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Programming F#

Cover of Programming F# by Chris Smith Published by O'Reilly Media, Inc.

Parallel Extensions for .NET

In the previous section, we looked at how to execute operations in arrays and for loops in parallel; however, not every problem can decompose so nicely. Most likely you will see a way to cleanly break up a problem, but the divisions may not be equal. Or perhaps one part of the problem may need to be subdivided again and again in a “divide and conquer” approach.

Fortunately, the PFX allows you divide your operations however you see fit and the library will take care of scheduling and executing those pieces in parallel.

The core structure of PFX parallelism is the Task object. Similar to the Async<'T> type, a Task represents a body of work to be completed later. To see what the Task object offers, let’s quickly review how to write parallel programs in F#.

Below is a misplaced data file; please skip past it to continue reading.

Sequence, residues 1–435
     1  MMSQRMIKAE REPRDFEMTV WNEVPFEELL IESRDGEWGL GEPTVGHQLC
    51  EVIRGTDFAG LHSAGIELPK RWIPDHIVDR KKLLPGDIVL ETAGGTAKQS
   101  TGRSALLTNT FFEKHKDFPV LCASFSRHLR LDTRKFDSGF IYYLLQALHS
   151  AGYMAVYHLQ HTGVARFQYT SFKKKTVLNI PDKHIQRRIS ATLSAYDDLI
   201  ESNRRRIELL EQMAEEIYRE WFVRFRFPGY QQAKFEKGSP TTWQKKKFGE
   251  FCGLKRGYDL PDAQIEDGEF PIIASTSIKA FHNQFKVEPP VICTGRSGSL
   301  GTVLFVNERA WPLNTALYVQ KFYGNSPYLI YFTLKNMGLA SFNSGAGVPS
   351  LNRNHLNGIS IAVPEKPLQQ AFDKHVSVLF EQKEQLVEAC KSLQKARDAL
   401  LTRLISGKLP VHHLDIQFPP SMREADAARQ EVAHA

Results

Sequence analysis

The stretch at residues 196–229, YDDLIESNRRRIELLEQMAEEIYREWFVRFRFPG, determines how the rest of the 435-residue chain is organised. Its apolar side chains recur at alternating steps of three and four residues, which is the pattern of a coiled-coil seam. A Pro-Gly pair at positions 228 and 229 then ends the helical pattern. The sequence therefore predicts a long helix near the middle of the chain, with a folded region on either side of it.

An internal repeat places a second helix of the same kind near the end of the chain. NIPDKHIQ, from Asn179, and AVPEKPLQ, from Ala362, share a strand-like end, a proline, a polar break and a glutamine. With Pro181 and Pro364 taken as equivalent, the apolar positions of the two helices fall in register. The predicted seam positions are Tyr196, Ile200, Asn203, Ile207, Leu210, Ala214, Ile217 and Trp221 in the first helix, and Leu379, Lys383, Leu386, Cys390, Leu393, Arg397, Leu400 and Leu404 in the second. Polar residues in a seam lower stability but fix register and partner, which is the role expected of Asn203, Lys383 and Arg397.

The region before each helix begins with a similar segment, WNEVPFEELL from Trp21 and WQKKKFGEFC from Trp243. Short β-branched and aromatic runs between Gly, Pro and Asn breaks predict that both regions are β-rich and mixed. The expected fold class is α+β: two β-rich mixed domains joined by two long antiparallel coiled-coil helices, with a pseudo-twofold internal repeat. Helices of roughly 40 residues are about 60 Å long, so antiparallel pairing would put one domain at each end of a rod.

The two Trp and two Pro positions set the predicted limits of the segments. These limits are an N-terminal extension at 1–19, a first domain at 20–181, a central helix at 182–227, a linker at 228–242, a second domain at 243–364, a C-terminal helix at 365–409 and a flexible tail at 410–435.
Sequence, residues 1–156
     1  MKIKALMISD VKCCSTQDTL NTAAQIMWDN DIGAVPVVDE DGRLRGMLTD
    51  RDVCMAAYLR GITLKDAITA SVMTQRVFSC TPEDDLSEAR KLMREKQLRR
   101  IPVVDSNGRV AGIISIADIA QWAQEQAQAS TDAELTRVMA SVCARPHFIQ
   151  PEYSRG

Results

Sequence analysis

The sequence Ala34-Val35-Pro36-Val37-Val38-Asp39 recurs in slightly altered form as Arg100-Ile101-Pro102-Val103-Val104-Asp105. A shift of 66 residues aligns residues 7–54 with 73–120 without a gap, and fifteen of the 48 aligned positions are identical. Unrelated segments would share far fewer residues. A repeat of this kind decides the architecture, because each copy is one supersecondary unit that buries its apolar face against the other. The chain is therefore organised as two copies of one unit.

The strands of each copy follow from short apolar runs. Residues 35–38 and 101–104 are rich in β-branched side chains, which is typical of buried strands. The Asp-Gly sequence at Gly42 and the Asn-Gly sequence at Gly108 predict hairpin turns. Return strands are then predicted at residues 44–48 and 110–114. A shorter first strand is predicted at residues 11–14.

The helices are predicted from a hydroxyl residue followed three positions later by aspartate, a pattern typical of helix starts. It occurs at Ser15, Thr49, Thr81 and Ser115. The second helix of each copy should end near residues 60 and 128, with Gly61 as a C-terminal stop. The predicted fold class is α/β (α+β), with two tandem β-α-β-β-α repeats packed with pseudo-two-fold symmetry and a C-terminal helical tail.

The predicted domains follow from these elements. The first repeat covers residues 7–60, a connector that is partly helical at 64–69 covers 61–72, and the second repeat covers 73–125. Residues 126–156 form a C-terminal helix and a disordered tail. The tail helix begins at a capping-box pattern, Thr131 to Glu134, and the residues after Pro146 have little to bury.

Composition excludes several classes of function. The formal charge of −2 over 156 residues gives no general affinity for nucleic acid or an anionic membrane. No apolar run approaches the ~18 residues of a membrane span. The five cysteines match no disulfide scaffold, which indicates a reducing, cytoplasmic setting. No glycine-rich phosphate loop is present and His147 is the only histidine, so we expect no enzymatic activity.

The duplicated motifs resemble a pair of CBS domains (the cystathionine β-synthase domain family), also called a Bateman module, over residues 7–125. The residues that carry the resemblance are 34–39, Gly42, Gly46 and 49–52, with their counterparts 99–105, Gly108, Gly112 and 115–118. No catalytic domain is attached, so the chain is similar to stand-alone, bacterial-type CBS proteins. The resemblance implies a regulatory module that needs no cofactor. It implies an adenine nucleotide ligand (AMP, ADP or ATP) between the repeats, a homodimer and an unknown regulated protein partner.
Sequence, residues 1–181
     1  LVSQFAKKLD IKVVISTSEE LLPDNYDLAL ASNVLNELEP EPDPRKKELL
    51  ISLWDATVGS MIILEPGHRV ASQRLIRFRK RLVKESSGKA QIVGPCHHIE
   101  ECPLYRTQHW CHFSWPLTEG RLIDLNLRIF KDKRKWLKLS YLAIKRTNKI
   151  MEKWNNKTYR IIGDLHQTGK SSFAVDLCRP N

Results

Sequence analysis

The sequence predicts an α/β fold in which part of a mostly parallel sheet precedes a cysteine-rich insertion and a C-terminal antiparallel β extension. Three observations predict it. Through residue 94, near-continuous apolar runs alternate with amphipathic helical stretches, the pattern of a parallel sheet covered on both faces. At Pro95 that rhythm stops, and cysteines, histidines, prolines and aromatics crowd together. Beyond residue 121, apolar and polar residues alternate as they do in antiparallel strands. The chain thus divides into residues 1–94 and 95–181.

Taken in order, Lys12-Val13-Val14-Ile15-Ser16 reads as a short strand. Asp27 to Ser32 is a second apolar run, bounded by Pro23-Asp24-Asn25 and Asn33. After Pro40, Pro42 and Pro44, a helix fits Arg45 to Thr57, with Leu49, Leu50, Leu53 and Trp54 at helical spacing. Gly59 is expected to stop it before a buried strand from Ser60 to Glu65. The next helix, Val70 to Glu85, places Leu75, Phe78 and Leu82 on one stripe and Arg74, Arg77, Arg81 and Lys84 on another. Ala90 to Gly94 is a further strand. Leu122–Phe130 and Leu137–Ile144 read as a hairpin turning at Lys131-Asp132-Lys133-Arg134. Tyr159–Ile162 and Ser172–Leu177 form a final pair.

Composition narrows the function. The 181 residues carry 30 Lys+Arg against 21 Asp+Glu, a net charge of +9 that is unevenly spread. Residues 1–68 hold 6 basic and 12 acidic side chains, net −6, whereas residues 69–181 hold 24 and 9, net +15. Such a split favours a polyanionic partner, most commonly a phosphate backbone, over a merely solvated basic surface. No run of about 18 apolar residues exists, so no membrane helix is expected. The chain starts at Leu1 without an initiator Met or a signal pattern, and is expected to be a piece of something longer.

Suppose you have two independent, long-running tasks. The naive implementation simply runs them in serial:

let result1 = longTask1()
let result2 = longTask2()

You can improve upon this by using the thread pool as you saw earlier; however, this makes a mess of the code and prevents you from cancelling the operation or handling exceptions properly:

let mutable completed = false
let mutable result1 = null

ThreadPool.QueueUserWorkItem(fun _ ->
    result1   <- longTask1()
    completed <- true
) |> ignore

let result2 = longTask2()

// Wait until task1 complete
while not completed do

Here is how you can solve this problem using the PFX:

open System.Threading.Tasks let taskBody = new Func<string>(longTask1) let ...

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